Frederic Laforge Co-Founder & CEO @ The Farmers' Truck

Why We Can’t Let Mobile Farmers’ Markets Fail and What You Need to Succeed

6 min read

a farmers truck mobile market serving happy customers on a sunny day

Running a mobile farmers’ market is hard. We should know. We did it for several years.

Trying to balance costs, handling fresh produce, marketing, and everything else took a lot of energy. We tried to figure it out as we went. But slowly, all of that stuff took us away from our original mission of improving food access.

It’s no wonder why some mobile farmers markets fail. They all start from a good place and with good intentions. Sometimes the logistics of it all can take over. It can feel overwhelming, and well, just not worth it anymore to keep on trucking (so to speak).

But it doesn’t have to be that way. There are so many reasons why mobile farmers’ markets are needed in communities across the country. So many reasons for organizations to use a mobile market to help people living in food deserts access healthy food. 

With the right resources and training, mobile farmers’ markets can thrive, and in turn, can help their communities thrive too. And that’s definitely not a fail.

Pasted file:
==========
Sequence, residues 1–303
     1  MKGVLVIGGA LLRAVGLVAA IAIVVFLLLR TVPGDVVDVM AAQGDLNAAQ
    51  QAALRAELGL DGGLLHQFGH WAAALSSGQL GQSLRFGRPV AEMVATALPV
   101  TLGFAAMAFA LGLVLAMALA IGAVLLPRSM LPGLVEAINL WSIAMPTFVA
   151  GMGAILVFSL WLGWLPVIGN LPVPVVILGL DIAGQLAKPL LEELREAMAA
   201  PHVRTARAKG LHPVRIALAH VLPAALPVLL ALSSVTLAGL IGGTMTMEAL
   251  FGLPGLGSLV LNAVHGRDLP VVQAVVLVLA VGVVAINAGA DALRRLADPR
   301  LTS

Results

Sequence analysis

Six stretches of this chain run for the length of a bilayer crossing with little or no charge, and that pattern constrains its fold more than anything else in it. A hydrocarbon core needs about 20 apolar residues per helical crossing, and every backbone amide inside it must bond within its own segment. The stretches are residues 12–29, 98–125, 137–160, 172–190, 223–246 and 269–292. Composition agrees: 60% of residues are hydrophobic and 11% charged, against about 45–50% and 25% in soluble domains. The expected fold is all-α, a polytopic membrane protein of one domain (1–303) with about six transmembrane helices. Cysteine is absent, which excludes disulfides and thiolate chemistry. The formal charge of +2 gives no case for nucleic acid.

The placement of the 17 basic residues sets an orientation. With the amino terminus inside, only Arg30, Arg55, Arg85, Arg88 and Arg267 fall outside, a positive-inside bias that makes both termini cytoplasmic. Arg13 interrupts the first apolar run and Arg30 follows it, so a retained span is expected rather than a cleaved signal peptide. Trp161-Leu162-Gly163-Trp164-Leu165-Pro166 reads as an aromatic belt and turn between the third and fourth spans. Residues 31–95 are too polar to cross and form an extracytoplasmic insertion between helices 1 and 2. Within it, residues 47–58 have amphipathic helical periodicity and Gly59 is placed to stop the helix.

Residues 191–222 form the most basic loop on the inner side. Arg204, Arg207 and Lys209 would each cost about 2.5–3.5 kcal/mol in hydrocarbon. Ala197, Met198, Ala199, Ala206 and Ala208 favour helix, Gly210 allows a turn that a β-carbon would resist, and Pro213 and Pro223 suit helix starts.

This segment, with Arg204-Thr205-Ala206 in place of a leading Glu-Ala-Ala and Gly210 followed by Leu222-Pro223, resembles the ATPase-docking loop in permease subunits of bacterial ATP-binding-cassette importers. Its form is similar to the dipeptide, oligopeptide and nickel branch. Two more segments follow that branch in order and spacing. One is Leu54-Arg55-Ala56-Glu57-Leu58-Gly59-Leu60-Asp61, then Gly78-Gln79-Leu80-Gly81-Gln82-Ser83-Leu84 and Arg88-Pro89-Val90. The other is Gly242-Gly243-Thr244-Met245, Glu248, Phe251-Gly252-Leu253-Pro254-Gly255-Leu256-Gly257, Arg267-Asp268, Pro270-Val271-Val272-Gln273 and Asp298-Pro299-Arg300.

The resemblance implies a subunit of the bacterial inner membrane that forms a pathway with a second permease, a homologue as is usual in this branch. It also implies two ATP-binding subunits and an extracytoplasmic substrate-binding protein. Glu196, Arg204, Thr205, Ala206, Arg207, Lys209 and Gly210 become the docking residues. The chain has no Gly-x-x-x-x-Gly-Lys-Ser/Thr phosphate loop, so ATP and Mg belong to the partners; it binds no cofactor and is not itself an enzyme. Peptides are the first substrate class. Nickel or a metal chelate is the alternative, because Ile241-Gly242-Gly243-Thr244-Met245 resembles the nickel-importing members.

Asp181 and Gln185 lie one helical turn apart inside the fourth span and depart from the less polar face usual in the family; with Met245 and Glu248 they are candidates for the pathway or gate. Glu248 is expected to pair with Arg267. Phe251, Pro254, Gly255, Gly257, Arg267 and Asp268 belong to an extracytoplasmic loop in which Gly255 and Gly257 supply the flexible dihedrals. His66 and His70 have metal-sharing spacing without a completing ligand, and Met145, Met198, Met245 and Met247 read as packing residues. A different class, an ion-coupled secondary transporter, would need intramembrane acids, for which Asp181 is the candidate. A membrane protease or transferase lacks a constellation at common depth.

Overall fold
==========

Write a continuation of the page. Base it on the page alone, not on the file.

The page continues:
The Origins of the Mobile Farmers’ Market

origins of mobile farmers markets. a man selling food from a food cart to two women

Picture yourself traveling along the Silk Road in Asia 5000 years ago. A merchant approaches you selling something you’ve never heard of before: an apple. Now imagine biting into that sweet, crunchy apple for the first time. Pretty awesome, huh?

The idea of selling food on the road is part of ancient history. Food carts and vendors traveled for miles selling or trading their food and bringing new kinds of foods back to their communities.

Bringing food to where people live, work, and play made sense back then, and it still does now. Obviously, we need food to survive. And if we can’t get to it, then it’s great when people can bring food to us. Besides, we all love convenience nowadays, don’t we?